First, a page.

Teen Bands

From Doo Doo Butter to The Dimes, kids leave cover songs and garages behind

 "And I know what you're thinking / You still think I am crap / But you'd better listen, man / Because the kids know where it's at"

— The Jam, "In the City"

It's almost midnight, and guitarist Cley Miller looks over at guitarist and bassist Carlos and Jose Sanchez as they start their set. They're at Emo's, a 6th Street bar in Austin packed tonight with fans of indie heavyweights Sound Team. For Miller and his three pals, who make up The Dimes, opening for Sound Team is vindication of their three-year battle to be taken seriously.

Local rockers The Dimes may chill out at practice...
Daniel Kramer
Local rockers The Dimes may chill out at practice...
..but during their raucous live sets they lose everything from drumsticks...
Photos by Daniel Kramer
..but during their raucous live sets they lose everything from drumsticks...

Their crime, the sticking point to The Dimes' dream of success? Their age. The poppy Houston-based rockers started out as teen-agers and some still are — Miller, Jose Sanchez and drummer Iram Guerrero are all 19; Carlos Sanchez just turned 20.

As often as teen bands make it big in the movies, it only rarely happens in real life. Teen musicians who want to get out of the basement or garage — even if they have talent — aren't favored by club owners who already have more than enough trouble with their regular "adult" bands.

And yet. Tonight at Emo's, the crowd is actually listening and even dancing. No one knows who The Dimes are, but they like their sound. For a young rock band, it doesn't get much better than this, at least not in Texas.

Determination and dumb luck in equal measure got them onstage tonight.

"How we got that show was basically following Sound Team around Texas," says Miller. He and the other members of The Dimes started talking to Sound Team and mentioned they played in a band. A few days later, Sound Team called and asked if they were interested in opening for Sound Team's CD release show at Emo's.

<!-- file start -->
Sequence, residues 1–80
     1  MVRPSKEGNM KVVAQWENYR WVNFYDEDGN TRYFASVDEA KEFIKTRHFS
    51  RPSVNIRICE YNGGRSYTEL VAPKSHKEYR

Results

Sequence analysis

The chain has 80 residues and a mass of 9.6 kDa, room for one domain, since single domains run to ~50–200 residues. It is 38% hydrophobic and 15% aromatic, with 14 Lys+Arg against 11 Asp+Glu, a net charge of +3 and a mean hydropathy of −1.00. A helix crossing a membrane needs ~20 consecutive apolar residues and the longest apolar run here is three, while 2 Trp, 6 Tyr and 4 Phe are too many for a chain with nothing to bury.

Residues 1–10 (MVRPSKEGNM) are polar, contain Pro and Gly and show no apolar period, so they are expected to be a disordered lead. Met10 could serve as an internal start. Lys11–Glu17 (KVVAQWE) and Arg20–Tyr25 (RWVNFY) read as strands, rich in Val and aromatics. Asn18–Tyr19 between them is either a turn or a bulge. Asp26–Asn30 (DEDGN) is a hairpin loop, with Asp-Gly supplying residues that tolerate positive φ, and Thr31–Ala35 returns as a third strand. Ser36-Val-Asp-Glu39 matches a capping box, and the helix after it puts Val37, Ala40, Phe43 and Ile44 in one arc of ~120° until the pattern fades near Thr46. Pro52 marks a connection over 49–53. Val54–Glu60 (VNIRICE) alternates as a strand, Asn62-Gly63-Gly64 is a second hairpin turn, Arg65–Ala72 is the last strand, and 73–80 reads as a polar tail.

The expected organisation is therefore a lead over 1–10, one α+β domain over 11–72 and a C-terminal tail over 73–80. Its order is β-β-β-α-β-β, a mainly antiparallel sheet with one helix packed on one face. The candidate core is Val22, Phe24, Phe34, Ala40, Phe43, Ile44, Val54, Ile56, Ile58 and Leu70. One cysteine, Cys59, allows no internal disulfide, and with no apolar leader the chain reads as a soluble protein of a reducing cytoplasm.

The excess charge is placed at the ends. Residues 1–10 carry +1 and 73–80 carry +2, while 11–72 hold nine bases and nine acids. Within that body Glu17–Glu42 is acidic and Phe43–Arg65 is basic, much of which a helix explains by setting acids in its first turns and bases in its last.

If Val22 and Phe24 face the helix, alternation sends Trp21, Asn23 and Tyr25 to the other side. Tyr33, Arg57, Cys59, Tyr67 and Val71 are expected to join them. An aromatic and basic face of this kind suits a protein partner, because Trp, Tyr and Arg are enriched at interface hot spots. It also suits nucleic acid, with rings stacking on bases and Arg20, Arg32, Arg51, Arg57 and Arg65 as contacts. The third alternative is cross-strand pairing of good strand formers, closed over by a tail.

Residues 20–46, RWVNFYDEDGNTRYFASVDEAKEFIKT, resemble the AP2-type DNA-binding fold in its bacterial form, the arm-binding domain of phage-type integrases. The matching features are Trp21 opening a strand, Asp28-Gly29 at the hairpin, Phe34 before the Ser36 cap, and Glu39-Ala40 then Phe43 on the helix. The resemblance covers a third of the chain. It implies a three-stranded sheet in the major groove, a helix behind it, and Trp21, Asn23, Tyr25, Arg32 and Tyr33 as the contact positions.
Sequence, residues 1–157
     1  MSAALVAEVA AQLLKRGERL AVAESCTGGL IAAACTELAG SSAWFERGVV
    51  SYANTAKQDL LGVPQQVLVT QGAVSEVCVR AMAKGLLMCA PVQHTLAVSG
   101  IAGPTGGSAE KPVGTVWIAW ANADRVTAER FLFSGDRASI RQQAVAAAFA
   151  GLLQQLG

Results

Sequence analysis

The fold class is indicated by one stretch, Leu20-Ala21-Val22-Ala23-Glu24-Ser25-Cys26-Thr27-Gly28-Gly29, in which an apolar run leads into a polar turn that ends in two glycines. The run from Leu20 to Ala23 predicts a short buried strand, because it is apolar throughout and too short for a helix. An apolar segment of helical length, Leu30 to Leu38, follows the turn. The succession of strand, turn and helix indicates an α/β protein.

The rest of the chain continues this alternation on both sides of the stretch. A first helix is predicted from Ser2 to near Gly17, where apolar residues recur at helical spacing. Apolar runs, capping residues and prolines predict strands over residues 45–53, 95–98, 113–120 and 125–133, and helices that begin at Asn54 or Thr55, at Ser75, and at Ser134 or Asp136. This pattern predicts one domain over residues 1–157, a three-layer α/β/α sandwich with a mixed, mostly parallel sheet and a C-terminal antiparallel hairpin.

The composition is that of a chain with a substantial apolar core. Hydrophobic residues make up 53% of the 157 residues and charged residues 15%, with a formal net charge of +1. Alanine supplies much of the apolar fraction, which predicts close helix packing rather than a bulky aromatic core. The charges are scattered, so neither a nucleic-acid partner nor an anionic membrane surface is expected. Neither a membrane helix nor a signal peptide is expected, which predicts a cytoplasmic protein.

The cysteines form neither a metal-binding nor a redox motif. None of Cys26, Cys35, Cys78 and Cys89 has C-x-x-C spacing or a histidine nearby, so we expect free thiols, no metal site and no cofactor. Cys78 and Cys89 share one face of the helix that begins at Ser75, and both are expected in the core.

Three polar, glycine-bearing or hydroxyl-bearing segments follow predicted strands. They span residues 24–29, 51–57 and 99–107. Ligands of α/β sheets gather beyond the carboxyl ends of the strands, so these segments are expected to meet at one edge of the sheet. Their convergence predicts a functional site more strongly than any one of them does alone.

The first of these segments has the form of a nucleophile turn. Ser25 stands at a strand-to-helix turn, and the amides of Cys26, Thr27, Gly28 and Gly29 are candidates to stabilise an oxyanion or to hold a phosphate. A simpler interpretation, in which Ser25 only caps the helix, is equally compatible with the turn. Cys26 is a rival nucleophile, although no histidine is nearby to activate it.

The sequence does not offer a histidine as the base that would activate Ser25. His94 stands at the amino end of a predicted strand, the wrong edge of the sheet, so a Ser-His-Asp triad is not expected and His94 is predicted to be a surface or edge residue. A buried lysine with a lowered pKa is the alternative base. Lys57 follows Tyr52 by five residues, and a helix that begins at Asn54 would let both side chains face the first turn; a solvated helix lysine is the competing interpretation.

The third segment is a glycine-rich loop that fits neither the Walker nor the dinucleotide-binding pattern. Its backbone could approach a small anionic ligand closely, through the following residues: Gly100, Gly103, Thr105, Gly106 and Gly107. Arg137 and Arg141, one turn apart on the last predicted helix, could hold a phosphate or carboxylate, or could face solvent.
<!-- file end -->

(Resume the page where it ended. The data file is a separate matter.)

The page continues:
"Me and Carlos [his brother] freaked out, like, 'Oh my God, we're playing at Emo's? With Sound Team?'" says bassist Jose Sanchez.

The band had tried to play Emo's about a year and a half before and were met with little more than "Don't call us, we'll call you." They gave the booking guy a press kit, "but we think he just threw it in the trash," Guerrero says.

It was just as much the band's fault as it was the club's, Miller acknowledges. "It was a really naive thing to do; we were kind of, like, the dumb ones."

Even after the band played other shows and did well, the age factor still held them back. Guerrero says the booker at the Proletariat on Richmond loved their performance. "But she was like, 'No, you guys are way too young; I don't want to get in trouble,'" says Guerrero. "At that time we were all 16. We were all still really young."

Booking shows in Houston and Austin stayed tough. "People were like, 'Oh, young kids? No way,'" Guerrero says. Jose Sanchez agrees. "They would be like, you're in high school, you're too young."

Three years later, the band is still pretty young in relation to the Houston music scene, but nobody seems to mind. The band is nominated for four 2007 Houston Press Music Awards — Best New Act, Best Indie Rock, Local Musician of the Year and Song of the Year ("Delilah") — and they aren't the only youngsters that have recently pushed into the spotlight. And we're not talking about only those classified under punk/emo categories. Today's teen bands aren't just playing three-chord-backed, teen-angst-ridden diatribes; thanks to the Internet, young musicians are journeying outside the radio hits that confined earlier generations.

"Now you can know about so many more bands, especially through MySpace, things are becoming a lot more personal just because of the Internet," says Edwin Terrell, lead singer/guitarist of In Denmark, a post-punk-inspired rock band made up of students from Lamar High and the High School for the Performing and Visual Arts. "No one is like a slave to the record companies anymore. It's like anybody can make music."

Computers have played a big role in the teen band influx. Every band interviewed for this article had at least one member who could easily record their entire album.

So, the problem isn't how to get their music out there, it's finding an audience — other than their classmates — who will listen.


"Come have some fun, we'll be jammin' / Bring some food, but don't bring beer"

— The Kids of Whidney High,

"Let's Get Busy"

Super Happy Fun Land in the Heights has a good crowd tonight. Kids are packed into theater seats and couches and sitting on the floor listening to Rise Over Ruin — an instrumental band of Bellaire and Lamar students.

At the end of the song everyone cheers, and bassist Kevin Kendrick thanks them all for coming and announces there are two more songs left. "All these songs are going to be on our album that should be out at the beginning of the new school year."

This type of phrase is commonplace at Super Happy — the place is like a day care for teenagers. They come to play music and listen to music, and the bands don't have to pay a club owner to get the chance to get onstage. Super Happy (as it is known for short) is getting by off ticket sales. Its owner, Brian Arthur, pays the rest of his bills through an Internet business that sells jewelry and incense.

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